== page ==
The Sun and Proxima Centauri and most of the stars you’ve heard of orbit the center of the Milky Way galaxy like children peacefully riding a carousel (with some weirdness caused by dark matter that we don’t need to get into). Now, imagine if a few toddlers were sprinting and shrieking across the peaceful scene. Who…
Once again, it's time to bask in the stunning wonder of our universe. This is the Tarantula Nebula, and my most recent excuse to bask in endless, encompassing joy.
Our nearest galactic neighbor is the Large Magellanic Cloud. But despite its close proximity — about 160,000 light-years — astronomers are still finding new features to explore, including this stunning supernova remnant that appears to be sitting right beside a stellar nursery.
Eons ago, two of our satellite galaxies became locked in a cosmic game of tug-of-war. Their fierce gravitational interactions ripped out a huge ribbon of hot, potentially star-forming gas that now surrounds much of our own galaxy's southern hemisphere, as this amazing new Hubble image shows.
These two gas clouds may reside side-by-side within the Large Magellanic Cloud, but as their distinctive coloring suggests, they're an interstellar odd couple.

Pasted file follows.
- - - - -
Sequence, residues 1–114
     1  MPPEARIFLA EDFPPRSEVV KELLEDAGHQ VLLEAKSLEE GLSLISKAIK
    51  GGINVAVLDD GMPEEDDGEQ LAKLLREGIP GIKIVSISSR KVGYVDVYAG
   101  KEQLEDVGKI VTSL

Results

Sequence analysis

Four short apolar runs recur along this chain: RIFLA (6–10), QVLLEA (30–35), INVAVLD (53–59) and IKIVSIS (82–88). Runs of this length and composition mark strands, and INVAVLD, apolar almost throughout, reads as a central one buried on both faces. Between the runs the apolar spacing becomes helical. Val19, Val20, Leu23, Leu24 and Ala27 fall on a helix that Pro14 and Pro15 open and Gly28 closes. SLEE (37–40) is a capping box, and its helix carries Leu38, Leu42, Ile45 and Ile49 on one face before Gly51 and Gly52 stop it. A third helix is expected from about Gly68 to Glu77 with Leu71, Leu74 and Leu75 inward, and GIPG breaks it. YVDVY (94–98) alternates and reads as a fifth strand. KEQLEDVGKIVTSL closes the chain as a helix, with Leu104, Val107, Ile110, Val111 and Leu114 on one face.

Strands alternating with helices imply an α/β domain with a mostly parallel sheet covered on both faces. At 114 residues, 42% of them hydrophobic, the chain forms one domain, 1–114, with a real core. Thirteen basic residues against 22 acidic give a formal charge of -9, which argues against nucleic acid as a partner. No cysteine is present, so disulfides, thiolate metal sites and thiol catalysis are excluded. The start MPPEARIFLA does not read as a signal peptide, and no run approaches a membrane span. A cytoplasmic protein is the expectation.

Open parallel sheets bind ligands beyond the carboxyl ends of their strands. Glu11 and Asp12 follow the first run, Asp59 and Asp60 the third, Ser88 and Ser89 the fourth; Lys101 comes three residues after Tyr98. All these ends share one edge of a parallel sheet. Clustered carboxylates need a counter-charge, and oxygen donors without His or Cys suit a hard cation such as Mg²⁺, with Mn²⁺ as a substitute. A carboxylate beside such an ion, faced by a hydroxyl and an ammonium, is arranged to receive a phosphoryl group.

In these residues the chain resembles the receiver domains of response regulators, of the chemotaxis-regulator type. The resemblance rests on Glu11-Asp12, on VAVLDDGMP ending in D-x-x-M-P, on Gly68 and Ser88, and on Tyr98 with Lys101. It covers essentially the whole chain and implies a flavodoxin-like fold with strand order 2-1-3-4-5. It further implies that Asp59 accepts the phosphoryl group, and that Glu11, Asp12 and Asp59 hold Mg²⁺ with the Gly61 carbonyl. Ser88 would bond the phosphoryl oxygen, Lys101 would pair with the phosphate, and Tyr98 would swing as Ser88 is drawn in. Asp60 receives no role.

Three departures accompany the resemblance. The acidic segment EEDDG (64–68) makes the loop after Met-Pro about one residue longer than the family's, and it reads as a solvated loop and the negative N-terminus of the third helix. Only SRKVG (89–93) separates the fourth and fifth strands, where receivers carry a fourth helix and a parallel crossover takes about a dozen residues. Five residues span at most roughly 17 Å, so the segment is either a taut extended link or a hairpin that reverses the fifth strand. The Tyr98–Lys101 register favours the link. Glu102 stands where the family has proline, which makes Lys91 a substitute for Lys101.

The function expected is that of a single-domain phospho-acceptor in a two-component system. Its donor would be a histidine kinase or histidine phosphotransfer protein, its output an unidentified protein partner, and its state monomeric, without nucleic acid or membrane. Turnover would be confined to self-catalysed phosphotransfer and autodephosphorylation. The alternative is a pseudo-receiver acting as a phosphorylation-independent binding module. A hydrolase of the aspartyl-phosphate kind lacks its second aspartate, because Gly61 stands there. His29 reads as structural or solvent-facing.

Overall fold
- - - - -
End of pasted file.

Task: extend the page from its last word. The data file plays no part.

We know that the Milky Way is surrounded by an array of satellite galaxies, the largest of which is the rather aptly named Large Magellanic Cloud. But figuring out exactly how far away our cosmic neighbor is has proved fiendishly difficult.
This doesn't look much like a galaxy, but it is in fact the Large Magellanic Cloud, one of the biggest satellite galaxies of our Milky Way. This awesome infrared image reveals the real look of this galaxy like never before.
In a nearby galaxy, huge stars 100 times bigger than the Sun and a million times brighter live out their lonely existences with no obvious explanation for how they came to be. Now we know: they're running away from home.